Regulatory Considerations When Seeking Medical Device Study Recruitment Improvements

Experts detail the hurdles study sponsors encounter when discussing the use of financial incentives to overcome recruitment issues.

Clinical Trial
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Recruiting and retaining study subjects remains a significant challenge for medical device companies that are innovating and sponsoring clinical trials, particularly when designing studies that reflect the diversity of the national population. Difficulties enrolling eligible study subjects can lead to significant study delays and can be costly for trial sponsors, extending the timeline that patients need to wait to obtain access to safe, effective, and important medical technologies.

Below we discuss current recruitment challenges faced by study sponsors, the legal hurdles that need to be navigated to provide financial incentives to overcome those hurdles, and practical strategies to consider when evaluating whether to address recruitment challenges with financial incentives.

Study burden and diversity obligations challenge recruitment efforts

Research has shown that more than 80% of clinical trials face delays related to the recruitment of study subjects, and a 2023 report from the American Center for Cancer Research found that as many as 20% of clinical trials fail due to insufficient patient enrollment. While many factors can adversely impact recruitment efforts, including complex trial designs and narrow eligibility criteria, a recent literature review conducted by the National Institutes of Health found that study burden — cost associated with participating in a clinical trial, such as transportation, childcare, and time away from work — is the most commonly cited barrier to participation.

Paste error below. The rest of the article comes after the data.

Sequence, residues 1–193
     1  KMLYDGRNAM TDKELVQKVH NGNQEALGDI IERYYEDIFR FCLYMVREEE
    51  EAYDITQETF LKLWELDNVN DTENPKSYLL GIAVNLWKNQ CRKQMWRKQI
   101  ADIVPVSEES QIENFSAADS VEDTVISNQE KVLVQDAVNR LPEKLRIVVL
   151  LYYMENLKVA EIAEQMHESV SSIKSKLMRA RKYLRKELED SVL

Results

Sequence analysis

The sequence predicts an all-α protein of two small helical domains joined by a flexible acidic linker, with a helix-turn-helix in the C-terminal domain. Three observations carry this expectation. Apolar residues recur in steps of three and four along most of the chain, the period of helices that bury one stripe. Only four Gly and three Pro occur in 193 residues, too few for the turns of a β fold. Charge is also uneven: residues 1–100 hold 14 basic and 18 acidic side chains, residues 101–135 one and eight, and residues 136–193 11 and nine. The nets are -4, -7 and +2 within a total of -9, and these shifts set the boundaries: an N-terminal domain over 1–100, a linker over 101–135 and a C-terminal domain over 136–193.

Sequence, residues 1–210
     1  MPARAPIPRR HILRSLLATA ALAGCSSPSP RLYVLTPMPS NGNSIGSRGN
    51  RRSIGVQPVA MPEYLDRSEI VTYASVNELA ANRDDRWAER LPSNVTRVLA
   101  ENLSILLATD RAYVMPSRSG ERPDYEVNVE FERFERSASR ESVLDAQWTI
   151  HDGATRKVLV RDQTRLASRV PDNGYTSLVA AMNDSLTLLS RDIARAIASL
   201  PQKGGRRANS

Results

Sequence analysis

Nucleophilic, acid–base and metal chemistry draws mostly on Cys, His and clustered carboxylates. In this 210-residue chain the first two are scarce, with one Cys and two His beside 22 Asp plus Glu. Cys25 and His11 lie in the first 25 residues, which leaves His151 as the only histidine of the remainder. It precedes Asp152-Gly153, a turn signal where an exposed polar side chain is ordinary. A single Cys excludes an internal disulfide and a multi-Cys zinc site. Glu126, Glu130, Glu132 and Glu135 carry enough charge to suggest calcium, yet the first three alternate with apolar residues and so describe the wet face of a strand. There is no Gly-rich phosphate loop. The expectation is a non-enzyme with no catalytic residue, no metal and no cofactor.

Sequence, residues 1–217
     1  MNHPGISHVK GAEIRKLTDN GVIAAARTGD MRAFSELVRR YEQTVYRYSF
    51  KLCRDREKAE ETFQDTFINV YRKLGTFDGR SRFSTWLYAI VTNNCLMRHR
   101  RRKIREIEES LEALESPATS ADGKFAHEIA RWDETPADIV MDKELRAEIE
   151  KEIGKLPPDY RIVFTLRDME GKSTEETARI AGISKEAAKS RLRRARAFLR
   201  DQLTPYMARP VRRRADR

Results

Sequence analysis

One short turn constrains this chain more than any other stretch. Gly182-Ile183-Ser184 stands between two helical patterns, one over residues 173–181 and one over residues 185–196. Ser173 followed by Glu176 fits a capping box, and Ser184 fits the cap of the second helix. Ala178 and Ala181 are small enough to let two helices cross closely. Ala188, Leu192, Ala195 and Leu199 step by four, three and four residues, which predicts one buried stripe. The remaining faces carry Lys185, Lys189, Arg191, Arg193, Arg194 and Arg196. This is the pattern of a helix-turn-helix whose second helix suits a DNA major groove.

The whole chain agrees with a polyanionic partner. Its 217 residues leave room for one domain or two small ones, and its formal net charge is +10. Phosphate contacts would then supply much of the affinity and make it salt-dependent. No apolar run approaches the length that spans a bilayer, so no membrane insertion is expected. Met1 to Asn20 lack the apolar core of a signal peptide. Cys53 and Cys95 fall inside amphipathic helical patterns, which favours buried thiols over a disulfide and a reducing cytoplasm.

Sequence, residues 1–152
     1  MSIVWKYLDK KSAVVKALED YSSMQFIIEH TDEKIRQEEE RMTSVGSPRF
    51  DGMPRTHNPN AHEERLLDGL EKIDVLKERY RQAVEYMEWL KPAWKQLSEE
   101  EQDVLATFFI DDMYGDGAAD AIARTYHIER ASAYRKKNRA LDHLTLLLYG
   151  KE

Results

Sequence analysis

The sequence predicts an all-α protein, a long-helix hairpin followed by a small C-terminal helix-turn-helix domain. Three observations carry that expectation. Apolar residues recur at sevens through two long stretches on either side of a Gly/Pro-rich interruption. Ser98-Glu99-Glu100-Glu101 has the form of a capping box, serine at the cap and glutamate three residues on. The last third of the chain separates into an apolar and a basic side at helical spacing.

At the same time, federal regulatory agencies and industry participants have called for increased diversity in clinical trial enrollment, including by implementing new regulatory requirements aimed at ensuring that sponsors take appropriate steps to enroll patients from diverse backgrounds in their trials. For example, in April 2022, the Centers for Medicare and Medicaid Services (CMS) limited coverage for a class of drugs indicated to treat Alzheimer’s disease to clinical trials in which the diversity of the study population represented the national population with similar clinical diagnoses. During that same month, the Food and Drug Administration (FDA) issued draft guidance to industry for developing plans to enroll more trial participants from underrepresented racial and ethnic groups. Most recently, in December 2022, Congress enacted the Food and Drug Omnibus Reform Act of 2022 (known as FDORA), which requires most clinical trial sponsors to submit diversity action plans to FDA.